The Cupola

You may not recognize the term, but you’ve probably seen this feature plenty of times on barns, sheds and houses. Characterized as a tower, or dome-like feature on the peak of a roof, a cupola is a popular choice to add character to a roofline. Some feature windows, stained glass, and often holds a weathervane.

You may have wondered what purpose these structures serve, given that in modern architecture, they are often closed off and inaccessible. Today, the modern cupola is mostly always just aesthetic. Meaning, it is not a functioning piece of the architecture.  However, this was not always the case. Originally, the cupola was frequently used on barn roofs to add ventilation to tightly built barns. In the winter, fumes from cow manure, and breath from the cows would create an inhospitable moisture on the barn walls and ceiling, causing barn wood to rot prematurely. The cupola was used to add ventilation to the roof, which helped keep the barn wood from decomposing. Louver vents, or sometimes windows, allowed the hot moist air to escape from the barn roof. The cupola was also frequently used to add light into buildings, and sometimes even functioned as a looking point.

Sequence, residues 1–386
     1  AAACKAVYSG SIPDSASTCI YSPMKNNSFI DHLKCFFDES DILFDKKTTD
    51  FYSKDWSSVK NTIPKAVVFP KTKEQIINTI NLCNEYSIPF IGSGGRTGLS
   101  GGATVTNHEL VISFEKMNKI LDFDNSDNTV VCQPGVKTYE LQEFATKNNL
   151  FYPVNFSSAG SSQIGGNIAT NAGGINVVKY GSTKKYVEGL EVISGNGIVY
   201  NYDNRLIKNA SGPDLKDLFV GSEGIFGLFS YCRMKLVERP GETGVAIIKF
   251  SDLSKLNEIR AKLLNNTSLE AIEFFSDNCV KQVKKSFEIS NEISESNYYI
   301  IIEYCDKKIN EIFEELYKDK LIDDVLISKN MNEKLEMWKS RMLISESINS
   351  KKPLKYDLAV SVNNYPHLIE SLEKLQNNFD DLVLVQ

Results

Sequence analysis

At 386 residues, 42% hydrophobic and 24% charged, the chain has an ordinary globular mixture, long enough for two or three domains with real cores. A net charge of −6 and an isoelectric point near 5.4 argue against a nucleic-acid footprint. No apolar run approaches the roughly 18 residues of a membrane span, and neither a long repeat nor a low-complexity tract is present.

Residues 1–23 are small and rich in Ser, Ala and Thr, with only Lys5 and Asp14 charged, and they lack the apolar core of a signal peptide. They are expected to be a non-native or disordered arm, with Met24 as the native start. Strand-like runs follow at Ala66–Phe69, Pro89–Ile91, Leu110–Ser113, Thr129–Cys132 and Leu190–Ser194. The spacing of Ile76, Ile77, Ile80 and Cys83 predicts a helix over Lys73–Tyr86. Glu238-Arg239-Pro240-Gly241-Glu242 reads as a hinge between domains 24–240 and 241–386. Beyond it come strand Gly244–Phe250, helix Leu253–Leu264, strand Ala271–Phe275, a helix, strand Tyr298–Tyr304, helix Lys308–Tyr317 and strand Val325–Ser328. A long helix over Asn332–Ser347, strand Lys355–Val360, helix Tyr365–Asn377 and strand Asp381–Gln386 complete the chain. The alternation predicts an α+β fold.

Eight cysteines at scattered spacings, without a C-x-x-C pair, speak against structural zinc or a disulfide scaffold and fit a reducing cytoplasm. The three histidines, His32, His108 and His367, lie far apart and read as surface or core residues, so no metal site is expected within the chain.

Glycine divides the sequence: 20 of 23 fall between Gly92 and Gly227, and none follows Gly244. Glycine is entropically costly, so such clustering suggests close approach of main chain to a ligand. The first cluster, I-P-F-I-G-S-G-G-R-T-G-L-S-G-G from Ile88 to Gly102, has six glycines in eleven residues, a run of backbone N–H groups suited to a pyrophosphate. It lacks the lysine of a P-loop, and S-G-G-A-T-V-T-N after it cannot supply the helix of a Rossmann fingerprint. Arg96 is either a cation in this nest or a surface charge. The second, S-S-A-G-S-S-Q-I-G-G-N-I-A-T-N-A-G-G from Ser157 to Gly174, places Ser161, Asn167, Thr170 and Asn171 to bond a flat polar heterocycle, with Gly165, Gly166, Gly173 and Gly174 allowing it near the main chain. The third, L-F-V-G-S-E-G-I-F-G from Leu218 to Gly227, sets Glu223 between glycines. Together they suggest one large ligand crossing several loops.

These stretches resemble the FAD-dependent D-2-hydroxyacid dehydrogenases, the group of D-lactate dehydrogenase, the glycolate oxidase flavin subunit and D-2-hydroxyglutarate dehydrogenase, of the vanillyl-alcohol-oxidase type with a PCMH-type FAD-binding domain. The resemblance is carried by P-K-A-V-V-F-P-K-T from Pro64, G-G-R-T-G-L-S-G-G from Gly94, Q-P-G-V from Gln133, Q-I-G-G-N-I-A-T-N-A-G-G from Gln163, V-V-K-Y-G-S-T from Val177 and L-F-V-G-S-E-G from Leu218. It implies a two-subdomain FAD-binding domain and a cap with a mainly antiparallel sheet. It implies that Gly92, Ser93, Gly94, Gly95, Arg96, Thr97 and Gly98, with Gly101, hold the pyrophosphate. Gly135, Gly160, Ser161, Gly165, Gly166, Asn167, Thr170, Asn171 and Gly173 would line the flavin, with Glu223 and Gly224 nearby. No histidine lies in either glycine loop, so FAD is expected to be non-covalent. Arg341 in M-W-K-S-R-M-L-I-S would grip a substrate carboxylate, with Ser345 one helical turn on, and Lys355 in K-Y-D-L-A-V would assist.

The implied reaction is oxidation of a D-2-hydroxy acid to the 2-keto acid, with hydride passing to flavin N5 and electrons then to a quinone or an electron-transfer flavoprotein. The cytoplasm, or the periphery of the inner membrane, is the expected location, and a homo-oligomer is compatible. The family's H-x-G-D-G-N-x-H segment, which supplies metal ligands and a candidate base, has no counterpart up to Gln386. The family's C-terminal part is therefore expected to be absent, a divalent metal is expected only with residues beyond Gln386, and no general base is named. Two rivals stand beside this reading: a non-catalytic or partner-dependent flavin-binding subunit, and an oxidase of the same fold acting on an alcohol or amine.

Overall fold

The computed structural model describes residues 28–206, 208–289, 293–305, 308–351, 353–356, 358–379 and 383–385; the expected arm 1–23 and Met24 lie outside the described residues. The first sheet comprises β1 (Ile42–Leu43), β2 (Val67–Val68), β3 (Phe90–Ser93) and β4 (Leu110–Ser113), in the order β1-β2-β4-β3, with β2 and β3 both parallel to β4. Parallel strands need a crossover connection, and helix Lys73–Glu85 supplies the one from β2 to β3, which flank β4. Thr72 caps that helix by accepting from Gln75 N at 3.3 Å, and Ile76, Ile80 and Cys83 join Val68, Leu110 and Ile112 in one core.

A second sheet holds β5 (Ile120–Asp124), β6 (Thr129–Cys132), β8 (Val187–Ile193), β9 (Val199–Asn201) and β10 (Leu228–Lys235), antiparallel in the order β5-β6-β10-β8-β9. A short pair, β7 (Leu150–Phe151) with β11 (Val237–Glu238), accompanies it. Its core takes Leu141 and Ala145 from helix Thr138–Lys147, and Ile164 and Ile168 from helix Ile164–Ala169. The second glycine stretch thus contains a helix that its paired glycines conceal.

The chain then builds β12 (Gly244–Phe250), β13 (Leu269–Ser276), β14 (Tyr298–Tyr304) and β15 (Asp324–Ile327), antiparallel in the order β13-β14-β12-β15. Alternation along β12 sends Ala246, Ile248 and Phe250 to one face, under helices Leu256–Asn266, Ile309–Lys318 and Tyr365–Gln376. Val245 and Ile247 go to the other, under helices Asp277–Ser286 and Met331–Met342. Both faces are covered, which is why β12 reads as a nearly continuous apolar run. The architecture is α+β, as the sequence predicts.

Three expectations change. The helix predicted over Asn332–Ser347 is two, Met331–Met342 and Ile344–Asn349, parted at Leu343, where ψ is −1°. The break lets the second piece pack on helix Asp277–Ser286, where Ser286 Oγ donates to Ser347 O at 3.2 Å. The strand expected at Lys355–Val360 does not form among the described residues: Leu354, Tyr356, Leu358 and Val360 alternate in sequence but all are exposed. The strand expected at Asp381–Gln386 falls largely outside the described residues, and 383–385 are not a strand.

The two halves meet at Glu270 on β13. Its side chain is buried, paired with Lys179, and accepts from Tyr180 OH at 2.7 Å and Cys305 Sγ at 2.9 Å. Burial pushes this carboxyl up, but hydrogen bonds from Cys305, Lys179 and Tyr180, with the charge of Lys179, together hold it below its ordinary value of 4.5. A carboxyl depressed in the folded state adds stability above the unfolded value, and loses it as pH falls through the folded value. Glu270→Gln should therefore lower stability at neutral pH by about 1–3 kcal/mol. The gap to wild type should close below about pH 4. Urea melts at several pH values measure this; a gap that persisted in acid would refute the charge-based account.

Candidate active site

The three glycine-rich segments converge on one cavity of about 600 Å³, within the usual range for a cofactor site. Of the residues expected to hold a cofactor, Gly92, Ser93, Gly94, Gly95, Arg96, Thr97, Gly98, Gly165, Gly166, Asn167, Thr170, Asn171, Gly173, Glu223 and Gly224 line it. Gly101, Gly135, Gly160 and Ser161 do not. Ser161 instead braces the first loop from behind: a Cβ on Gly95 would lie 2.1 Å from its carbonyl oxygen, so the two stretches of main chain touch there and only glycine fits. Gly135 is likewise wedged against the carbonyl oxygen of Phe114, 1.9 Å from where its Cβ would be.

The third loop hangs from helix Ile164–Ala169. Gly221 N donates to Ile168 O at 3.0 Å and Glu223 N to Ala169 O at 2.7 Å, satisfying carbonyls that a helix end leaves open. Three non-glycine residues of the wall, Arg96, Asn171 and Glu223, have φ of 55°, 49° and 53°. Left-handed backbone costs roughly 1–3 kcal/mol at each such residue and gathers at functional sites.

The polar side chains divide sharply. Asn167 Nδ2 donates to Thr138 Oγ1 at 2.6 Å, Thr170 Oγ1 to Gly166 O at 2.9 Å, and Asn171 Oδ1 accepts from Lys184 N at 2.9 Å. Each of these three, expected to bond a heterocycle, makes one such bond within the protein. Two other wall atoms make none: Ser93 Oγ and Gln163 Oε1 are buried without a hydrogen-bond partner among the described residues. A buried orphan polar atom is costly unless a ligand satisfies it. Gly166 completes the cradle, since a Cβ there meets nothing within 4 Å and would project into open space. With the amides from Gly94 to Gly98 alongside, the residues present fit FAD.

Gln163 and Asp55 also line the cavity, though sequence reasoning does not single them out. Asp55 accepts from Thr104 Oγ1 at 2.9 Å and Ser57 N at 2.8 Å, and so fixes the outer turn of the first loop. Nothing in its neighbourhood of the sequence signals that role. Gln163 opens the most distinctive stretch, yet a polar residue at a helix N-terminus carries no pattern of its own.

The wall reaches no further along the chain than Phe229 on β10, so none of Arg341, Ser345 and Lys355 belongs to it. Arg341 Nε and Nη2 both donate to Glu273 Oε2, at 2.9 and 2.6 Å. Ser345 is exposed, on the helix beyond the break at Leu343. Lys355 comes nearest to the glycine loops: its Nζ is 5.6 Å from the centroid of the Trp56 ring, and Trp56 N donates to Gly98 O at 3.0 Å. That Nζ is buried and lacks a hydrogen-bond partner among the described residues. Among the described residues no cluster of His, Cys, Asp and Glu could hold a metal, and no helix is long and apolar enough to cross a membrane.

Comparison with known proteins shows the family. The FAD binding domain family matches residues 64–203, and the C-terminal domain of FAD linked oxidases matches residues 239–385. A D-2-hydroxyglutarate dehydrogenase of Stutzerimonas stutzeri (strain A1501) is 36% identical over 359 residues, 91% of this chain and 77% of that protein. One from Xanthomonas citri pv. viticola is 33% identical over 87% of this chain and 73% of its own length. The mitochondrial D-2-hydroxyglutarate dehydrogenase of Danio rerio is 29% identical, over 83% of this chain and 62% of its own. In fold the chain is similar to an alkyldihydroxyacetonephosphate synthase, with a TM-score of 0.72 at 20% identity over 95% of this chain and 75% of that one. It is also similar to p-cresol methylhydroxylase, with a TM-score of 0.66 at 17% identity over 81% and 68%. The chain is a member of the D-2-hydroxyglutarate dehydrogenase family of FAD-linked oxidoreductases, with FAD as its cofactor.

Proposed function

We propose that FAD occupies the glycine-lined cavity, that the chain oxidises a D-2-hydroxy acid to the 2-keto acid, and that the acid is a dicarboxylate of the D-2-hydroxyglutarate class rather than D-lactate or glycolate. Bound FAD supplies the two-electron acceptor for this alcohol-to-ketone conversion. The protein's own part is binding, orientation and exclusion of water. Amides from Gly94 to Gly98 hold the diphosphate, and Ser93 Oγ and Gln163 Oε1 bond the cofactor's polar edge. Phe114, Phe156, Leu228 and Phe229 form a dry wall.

Today, most cupolas are not accessible from the inside, but many still have the characteristic windows that the original cupolas featured. If not originally designed when the house was built, there are even packages that can be purchased and installed on rooftops to add that extra bit of character.